Yes -- an applied economics master < economics master, ceteris paribus.
That doesn't answer your question completely because I have no idea about either of these programs.
I got admitted into both of the schools for an MA in Economics .. and my ultimate goal is to get into a fine PhD program in the future.
My undergraduate major isn't economics and I didn't have much math courses so I decided to go for a master's degree as a stepping stone
to strengthen my background in Econ and take as many math courses as possible.
of these two, which program do you think would be the right one to go for ?
and would the fact that the Illinois State's program is "Applied" have any effect on my chances of admission for a PhD in the future ??
I'm biased towards ISU and I would say USF is the better place to go if you want to continue on to a PhD. Here's a few reasons why (or things to think about)
1) Placements for USF include Berkeley, Davis, and Cornell (from their website). Recent placements for ISU include Kentucky, Purdue, Kansas, Michigan State, and Syracuse. Assuming USF's placements on the web page are trustworthy, they strictly dominate.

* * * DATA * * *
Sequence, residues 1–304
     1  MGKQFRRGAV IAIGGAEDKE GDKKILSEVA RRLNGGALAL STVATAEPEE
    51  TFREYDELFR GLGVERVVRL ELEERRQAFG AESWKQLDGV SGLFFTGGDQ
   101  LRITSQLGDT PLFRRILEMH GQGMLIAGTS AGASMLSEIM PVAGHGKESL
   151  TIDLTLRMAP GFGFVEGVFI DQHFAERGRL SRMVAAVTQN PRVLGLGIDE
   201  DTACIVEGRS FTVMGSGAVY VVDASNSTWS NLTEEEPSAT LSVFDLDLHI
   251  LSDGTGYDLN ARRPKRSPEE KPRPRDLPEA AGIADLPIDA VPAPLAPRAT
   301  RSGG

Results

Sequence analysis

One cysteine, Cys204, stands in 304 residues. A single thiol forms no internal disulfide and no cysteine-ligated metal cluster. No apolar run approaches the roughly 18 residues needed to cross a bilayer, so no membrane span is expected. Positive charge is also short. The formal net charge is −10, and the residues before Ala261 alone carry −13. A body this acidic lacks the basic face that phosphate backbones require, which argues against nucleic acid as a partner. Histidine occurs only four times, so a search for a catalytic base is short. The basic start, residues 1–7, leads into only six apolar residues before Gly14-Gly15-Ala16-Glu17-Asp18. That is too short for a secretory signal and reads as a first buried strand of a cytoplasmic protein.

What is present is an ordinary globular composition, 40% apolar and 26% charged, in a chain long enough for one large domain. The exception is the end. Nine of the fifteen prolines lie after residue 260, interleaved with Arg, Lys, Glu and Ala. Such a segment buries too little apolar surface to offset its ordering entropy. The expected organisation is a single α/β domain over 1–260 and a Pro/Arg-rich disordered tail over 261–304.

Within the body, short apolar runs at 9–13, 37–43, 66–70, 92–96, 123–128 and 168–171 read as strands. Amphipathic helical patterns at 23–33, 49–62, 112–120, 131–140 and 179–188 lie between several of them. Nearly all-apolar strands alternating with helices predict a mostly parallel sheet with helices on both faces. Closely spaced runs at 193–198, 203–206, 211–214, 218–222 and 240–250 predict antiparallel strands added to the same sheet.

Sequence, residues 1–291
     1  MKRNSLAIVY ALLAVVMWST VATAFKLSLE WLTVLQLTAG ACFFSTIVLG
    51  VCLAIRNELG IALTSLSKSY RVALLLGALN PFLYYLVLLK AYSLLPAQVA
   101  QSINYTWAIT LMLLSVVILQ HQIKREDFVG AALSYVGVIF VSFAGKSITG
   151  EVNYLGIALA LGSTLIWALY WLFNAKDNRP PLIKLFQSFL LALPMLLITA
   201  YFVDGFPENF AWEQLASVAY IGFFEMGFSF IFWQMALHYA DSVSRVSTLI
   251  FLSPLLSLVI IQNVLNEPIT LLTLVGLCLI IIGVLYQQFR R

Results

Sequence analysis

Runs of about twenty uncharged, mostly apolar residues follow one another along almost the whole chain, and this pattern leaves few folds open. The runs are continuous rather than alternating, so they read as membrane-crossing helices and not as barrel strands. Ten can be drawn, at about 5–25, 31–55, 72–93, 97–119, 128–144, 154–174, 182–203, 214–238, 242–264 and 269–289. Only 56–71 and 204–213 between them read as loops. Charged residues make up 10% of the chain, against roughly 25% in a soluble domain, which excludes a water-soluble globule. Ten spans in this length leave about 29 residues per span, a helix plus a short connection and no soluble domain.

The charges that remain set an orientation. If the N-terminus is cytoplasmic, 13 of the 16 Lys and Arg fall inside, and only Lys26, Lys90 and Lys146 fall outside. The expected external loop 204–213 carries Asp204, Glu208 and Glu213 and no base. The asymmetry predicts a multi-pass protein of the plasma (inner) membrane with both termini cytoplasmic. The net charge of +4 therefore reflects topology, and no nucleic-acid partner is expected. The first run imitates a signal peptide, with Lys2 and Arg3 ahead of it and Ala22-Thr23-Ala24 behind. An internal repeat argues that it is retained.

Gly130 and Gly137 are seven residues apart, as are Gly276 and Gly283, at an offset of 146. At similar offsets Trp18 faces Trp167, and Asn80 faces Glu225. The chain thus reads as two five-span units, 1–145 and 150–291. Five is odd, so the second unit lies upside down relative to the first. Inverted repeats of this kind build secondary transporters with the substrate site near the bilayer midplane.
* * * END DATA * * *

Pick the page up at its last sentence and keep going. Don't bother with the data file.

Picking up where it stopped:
2) USF seems to be have a track that is dedicated toward placing MA students into PhD programs. ISU doesn't really have this (most MA students at ISU are there as part of the Peace Corp program or the Energy Regulation track). The few students at ISU that go onto PhD have to do a lot of work on their own to achieve that. [Note: I'm not saying the ISU professors aren't supportive of students going for PhD, it is just that you will have to figure out everything you need to do to be competitive for PhD admission on your own - and then do it].
3) Are both offers funded? This should be low on your priority list, but I know that being a GA at ISU can greatly improve your profile for PhD programs (depending on which professor you are assigned to). I was able to get my name on a couple of published papers through my GA work.
4) Do you have a location preference? Would anyone choose the middle of Illinois over San Fran?
5) The "applied" title of ISU's program would probably be a detriment to PhD applications
6) It is kind of crazy to talk about this with an MA program, but what fields are you interested in? I think USF is more geared toward International Economics and maybe Financial Economics (check their website for more information than I have). ISU has a few professors that do a lot in energy economics (and some environmental), one or two that do Econ of Ed, and the rest work on applied micro topics or macro topics.
7) ISU has a history of letting MA economics students take math classes without much issue. I would think USF has a similar position, but I can't say for sure.
Best of luck with your decision.
On the long road to dissertation
Thank you Wolfdiggitydog for your input
and thank you THE MAN for the insights, I could now compare the two more easily ..
although ISU would be a good one .. but it seems that USF outweigh it after all
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